Spencer Thomas Vassall’s last year in North America must have been alarming. Far from suffering any form of post-traumatic stress disorder, the eleven year old must have started badgering his father into buying him an ensigncy almost as soon as he set foot in England. According to the Memoir, he received “a suitable education, first at a foreign academy, where he acquired a knowledge of the modern languages, and afterwards at a military establishment in England.” This education took eighteen months at most since he was gazetted into the 59th Foot in 1776. The 59th Foot was stationed in Boston when the American War broke out. It had suffered heavy losses and its remaining men were drafted into other regiments while its officers returned to England to recruit. Almost certainly John Vassall had met some of these officers when they were in Boston and almost certainly he paid over the regulation price for his son’s ensigncy.
There are problems about the Memoir. It’s not at all clear why the book was published at all. Much of the text is word for word the same as an obituary published in the Royal Military Chronicle for May 1811. Presumably it was printed as an act of piety by his widow Catherine, who had married Thomas Chetham Strode in 1816. But why? Before 1811 she had already commissioned a memorial to her first husband designed by Flaxman and executed by Rossi in St Paul’s, Bristol. More baffling still is the question of authorship.
Most people attribute the Memoir to Margaret Holford (1778-1852) who also wrote (after 1826) under her married name Hodson. The problem with this attribition is twofold. First the Memoir concludes with an Elegiac Ode to the Memory of Lieut-Colonel Vassall. By Miss Holford. There seems little point publishing the Memoir anonymously if you then advertise yourself as author of the poem. Again, if Miss Holford had actually written the Memoir, it would have been more than a trifle immodest of her to write, “Many literary tributes have been offered to his memory, among which stands pre-eminent an affecting monody by Miss Holford, the admired author of ‘Wallace’.” The editor of the Royal Military Chronicle doesn’t help, expressing himself only “as indebted for the following memoir to a person who would give grace to any society, and dignity to any work.” So the author was still alive in 1811. Which counts out another possibility, Anna Seward ‘the Swan of Lichfield’. The poem that ends the Memoir is also introduced by the author’s name, Amelia Anderson Opie.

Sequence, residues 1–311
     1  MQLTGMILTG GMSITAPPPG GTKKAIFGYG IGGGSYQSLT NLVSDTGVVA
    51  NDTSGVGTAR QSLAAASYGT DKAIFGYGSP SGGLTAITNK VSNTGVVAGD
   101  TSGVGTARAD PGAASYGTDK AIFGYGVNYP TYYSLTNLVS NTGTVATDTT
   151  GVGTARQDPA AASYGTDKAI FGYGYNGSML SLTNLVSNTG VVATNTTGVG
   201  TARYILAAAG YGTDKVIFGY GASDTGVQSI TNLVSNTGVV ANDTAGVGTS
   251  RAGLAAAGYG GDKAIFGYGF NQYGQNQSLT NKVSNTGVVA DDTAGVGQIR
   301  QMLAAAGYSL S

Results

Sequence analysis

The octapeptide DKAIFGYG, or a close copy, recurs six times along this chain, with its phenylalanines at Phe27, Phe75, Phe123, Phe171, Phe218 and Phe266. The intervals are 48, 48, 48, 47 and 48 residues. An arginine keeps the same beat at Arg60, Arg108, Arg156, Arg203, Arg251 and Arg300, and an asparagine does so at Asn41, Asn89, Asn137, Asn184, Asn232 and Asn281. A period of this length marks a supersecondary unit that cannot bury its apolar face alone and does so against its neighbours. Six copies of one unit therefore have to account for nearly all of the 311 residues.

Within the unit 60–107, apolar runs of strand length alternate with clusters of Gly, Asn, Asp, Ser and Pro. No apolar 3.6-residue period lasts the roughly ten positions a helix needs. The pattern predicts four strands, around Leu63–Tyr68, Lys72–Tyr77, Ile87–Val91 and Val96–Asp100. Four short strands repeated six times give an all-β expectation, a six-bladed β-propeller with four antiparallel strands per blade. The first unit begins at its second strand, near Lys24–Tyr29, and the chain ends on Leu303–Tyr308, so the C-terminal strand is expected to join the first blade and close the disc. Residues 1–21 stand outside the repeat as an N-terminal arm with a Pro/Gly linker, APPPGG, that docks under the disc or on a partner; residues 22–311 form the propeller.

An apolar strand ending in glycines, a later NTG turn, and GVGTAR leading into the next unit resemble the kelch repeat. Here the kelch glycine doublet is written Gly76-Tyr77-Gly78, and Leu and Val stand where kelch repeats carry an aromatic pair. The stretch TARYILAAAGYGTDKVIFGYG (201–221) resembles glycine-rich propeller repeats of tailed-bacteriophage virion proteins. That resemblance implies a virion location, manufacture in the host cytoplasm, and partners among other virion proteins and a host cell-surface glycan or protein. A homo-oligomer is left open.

So perhaps we’d better settle for Margaret Holford. In Gender, War and Politics: Transatlantic Perspectives edited by K. Hagemann, G. Mettele, J. Rendall we read:
It’s about time I got to the point which is that Anna Seward, Margaret Holford and Amelia Opie were all literary lions in their day. Which is strange since the poem that adorns the Flaxman memorial in Bristol begins ‘Stranger if e’er you honour’d Sidney’s name’ and continues in much the same vein. Still, there’s no accounting for changing tastes. And the point is Spencer Thomas Vassall had the benefit of the social connections of his numerous Vassall cousins. In particular, he was the great grandson of Leonard Vassall whose brother Florentius was grandfather of Elizabeth Vassall, and as such had access to Holland House and the people who frequented it. Holland House was the closest London got to a Parisian salon and all three of these ladies attended Holland House dinners at one time or another.
When Elizabeth Vassall married Henry Fox in 1797 she brought with her two Jamaican plantations, Friendship and Greenwich. These were sufficiently substantial for her husband to change his name to Fox-Vassall when compensation became a probability. Henry Fox 3rd Baron Holland was a major player in Whig party politics in Britain. He was Lord Privy Seal for six months from October 1806 in the Ministry of All the Talents. Since her husband was usually in opposition before 1806, his connection with Elizabeth may on balance have hindered Spencer Thomas Vassall’s career. It does however explain the wealth of literary talent available to mark his death.